Raabe2, H., Burdick1, J., Hanlon2, E., Hilberer2, A., Hyder2, M., Inglis2, H., Kong2, A., Majewski1, S., McNamara1, M., Mun2, G., Nash2, J., Wilt2, N. 1Beauty Avenues, Reynoldsburg, OH, USA. 2Institute for In Vitro Sciences, Inc., Gaithersburg, MD, USA.

This study by scientists at Beauty Avenues and the Institute for In Vitro Sciences (IIVS) demonstrated that MatTek’s EpiDerm in vitro 3-D human skin tissue equivalent and EpiOcular in vitro 3-D human corneal tissue equivalent can be used, if/when necessary, with the ATP tissue viability assay in addition to the industry-standard MTT tissue viability assay. In vitro eye and skin model assays are typically used to assure safety prior to consumer use by employing them in product development to support the creation of products with minimal irritation potential. As part of a high quality program, the test systems are constantly monitored for applicability, investigated for potential limitations, and continuously improved to ensure accurate and reliable data and information to support safety assessments. The applied research presented here evaluates an additional endpoint (ATP assay) of consideration in special cases where potential confounders may skew interpretation of results in core standard model systems (MTT assay). Viability assessments in 3-D in vitro eye and skin constructs have historically been assessed using the MTT assay. The MTT conversion assay measures the NAD(P)H-dependent microsomal enzyme and succinate dehydrogenase reduction of MTT to a blue formazan precipitate in viable cells (Berridge, 1996). Two factors can affect the accuracy of the MTT assay. First, since the MTT assay measured the mean metabolic rate of a cell population, subtoxic exposures may induce hormesis, where increased metabolism in response to cell damage incorrectly suggests high viability. Second, chemicals that directly reduce MTT (e.g., alpha-tocopherol) may overestimate tissue viability if these chemicals persist in the tissue model after rinsing. Freeze-killed tissue controls (KC) are tested in parallel to the viable tissues to determine the extent, if any, of the direct reduction by the test chemical. The ATP endpoint is an alternative to MTT reduction which would not be affected by hormesis since the endpoint measures cellular ATP content, rather than metabolic rate. The ATP endpoint may also be more appropriate for chemicals that are strong reducers of MTT, including many that are commonly used in personal care products. The ViaLight® Plus ATP assay kit utilizes the bioluminescent measurement of ATP (Crouch, et al., 1993). Since cytotoxicity is expressed as a reduction in the bioluminescent measurement of ATP, the assay provides a direct measure of the number of viable cells present. Upon cell stress or cell death, the amount of ATP is rapidly depleted or hydrolyzed. Since cytotoxicity is expressed as a reduction in the bioluminescent measurement of ATP, the assay provides a direct measure of the number of viable cells present. A series of model skin care formulations containing a range of concentrations of Triton® (to induce a range of cytotoxic effects) were tested, with and without the MTT reducer alpha-tocopherol (alpha-t), in the EpiOcular™ and EpiDerm™ 3-D in vitro eye and skin constructs. The MTT reducer, alpha-t, was not expected to add or reduce any cytotoxic effects in the formulation (see Table 1). Conclusions: • Freeze-killed control tissues demonstrated that test chemical (alpha-tocopherol) residues on treated tissues could directly reduce MTT in addition to the MTT reduction from viable cells. • Relative viability values from the MTT endpoint can be corrected for the amount of MTT reduced directly by test chemical residues in freeze-killed tissue controls. In some cases, the correction for direct MTT reducers gave a more conservative irritancy prediction. • Test chemical (alpha-tocopherol) residues on killed control tissues had no impact upon the ATP endpoint. • Both the MTT and ATP endpoint assays provided the same rank order of irritancies for the model formulations. • Since the relative viability values from the ATP assay were lower than those from the MTT assay, the ET50 values from the ATP endpoint may not be directly substituted for those from the MTT endpoint. • No evidence of hormesis was observed in the ATP endpoint data.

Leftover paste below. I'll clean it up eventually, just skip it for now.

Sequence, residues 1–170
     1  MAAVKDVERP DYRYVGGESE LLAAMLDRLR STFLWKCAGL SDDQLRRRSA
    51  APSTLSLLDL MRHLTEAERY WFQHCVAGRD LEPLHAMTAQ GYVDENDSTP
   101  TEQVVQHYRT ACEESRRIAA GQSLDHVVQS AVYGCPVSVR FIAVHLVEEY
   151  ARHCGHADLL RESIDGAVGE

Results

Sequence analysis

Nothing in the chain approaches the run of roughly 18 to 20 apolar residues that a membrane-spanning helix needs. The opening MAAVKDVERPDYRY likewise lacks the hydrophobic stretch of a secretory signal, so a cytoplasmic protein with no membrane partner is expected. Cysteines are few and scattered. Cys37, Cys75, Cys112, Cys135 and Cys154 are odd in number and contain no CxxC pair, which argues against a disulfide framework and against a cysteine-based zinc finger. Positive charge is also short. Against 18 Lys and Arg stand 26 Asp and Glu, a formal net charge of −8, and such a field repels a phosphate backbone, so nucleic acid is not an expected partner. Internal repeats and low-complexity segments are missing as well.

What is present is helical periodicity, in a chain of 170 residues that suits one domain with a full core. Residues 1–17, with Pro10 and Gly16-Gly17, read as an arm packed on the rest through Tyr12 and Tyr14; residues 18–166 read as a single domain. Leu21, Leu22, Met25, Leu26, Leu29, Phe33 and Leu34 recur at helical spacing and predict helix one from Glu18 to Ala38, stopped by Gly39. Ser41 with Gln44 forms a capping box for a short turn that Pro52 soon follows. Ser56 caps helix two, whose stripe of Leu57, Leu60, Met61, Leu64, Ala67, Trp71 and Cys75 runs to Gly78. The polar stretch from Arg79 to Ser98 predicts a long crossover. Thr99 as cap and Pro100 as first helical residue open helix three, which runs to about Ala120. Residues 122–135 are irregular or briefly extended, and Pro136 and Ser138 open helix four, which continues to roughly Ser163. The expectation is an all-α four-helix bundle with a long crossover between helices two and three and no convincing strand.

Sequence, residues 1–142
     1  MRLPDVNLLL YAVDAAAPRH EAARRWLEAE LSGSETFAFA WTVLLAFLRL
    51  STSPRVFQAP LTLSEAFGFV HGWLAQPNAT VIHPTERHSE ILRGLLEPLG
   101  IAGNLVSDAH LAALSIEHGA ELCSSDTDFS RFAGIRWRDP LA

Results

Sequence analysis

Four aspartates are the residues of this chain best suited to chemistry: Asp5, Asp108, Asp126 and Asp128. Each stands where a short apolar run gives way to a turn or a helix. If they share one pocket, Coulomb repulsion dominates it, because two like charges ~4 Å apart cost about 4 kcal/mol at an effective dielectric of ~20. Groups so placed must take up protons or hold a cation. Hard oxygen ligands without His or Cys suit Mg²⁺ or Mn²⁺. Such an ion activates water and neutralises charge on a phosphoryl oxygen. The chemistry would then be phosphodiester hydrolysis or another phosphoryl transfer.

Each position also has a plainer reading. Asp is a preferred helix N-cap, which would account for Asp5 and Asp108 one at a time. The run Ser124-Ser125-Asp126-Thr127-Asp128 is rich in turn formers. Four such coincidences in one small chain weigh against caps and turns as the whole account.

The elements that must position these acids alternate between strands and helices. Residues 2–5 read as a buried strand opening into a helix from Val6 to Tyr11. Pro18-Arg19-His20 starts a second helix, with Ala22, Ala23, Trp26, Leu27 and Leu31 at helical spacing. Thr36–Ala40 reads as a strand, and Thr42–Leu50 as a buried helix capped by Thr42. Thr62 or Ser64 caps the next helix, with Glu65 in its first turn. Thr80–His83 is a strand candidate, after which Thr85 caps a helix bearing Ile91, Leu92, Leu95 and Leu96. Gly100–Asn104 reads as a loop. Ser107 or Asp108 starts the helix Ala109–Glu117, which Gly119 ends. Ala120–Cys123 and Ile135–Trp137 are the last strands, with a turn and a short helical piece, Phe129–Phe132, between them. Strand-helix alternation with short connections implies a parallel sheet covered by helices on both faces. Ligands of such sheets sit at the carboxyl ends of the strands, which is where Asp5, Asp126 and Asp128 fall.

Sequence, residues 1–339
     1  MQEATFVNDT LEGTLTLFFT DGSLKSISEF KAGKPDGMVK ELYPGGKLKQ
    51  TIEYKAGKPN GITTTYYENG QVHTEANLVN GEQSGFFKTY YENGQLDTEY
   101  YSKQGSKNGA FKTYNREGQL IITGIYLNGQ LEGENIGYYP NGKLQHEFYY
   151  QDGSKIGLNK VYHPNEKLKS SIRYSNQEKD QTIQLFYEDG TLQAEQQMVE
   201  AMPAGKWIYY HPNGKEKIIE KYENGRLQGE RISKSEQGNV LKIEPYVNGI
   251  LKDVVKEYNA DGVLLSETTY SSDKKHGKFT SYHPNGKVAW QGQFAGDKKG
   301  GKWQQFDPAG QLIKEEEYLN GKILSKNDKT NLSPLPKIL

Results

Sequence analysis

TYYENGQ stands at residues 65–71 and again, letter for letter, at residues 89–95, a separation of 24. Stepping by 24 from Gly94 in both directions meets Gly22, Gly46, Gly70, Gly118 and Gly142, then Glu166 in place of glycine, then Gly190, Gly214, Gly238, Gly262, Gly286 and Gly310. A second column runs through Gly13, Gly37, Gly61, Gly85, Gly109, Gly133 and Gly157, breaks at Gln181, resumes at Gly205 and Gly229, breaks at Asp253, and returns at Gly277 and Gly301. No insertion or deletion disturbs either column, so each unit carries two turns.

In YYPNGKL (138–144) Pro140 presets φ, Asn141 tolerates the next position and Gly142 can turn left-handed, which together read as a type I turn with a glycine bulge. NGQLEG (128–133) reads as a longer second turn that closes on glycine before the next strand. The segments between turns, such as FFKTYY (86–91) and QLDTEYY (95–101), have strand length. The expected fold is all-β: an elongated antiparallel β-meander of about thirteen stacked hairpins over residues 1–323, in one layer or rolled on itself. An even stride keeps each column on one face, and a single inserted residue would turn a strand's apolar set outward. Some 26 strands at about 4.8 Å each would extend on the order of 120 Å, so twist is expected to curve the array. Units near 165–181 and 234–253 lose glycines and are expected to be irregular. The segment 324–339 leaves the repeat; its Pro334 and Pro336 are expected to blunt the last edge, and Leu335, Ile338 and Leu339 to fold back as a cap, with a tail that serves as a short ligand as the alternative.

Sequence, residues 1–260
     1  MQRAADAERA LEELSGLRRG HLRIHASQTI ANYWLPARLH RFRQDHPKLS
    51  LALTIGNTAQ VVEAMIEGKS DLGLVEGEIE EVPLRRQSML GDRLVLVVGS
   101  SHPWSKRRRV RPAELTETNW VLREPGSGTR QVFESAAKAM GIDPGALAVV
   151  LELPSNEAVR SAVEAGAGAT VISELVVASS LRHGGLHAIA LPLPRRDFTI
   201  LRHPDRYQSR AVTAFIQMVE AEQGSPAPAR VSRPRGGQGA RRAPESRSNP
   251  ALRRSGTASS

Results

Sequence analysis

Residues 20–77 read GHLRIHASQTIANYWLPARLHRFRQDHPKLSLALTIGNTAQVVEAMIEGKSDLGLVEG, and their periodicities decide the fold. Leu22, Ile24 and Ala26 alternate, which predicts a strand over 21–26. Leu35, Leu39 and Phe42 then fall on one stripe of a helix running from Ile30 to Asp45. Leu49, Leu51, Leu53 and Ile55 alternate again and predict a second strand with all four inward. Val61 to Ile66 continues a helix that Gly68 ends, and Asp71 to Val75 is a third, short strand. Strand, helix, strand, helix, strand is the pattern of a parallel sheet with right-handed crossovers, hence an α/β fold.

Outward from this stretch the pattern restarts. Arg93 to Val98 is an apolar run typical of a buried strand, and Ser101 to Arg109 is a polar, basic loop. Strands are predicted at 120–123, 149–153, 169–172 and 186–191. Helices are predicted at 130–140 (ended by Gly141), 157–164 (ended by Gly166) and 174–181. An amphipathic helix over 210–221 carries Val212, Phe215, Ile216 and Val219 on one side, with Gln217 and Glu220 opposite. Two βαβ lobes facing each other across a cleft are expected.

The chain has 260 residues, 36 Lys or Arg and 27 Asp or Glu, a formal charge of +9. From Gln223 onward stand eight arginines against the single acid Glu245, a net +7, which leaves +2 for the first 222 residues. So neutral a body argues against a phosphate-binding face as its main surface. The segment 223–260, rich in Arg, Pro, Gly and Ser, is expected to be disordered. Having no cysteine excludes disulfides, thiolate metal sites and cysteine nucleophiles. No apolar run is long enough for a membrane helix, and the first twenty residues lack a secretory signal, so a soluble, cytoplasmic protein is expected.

ATP assay, EpiDerm, EpiOcular, Freeze-killed control tissue, Hormesis, MTT reducers, ViaLight® Plus ATP assay

Materials Tested

Triton® X-100, alpha-tocopherol

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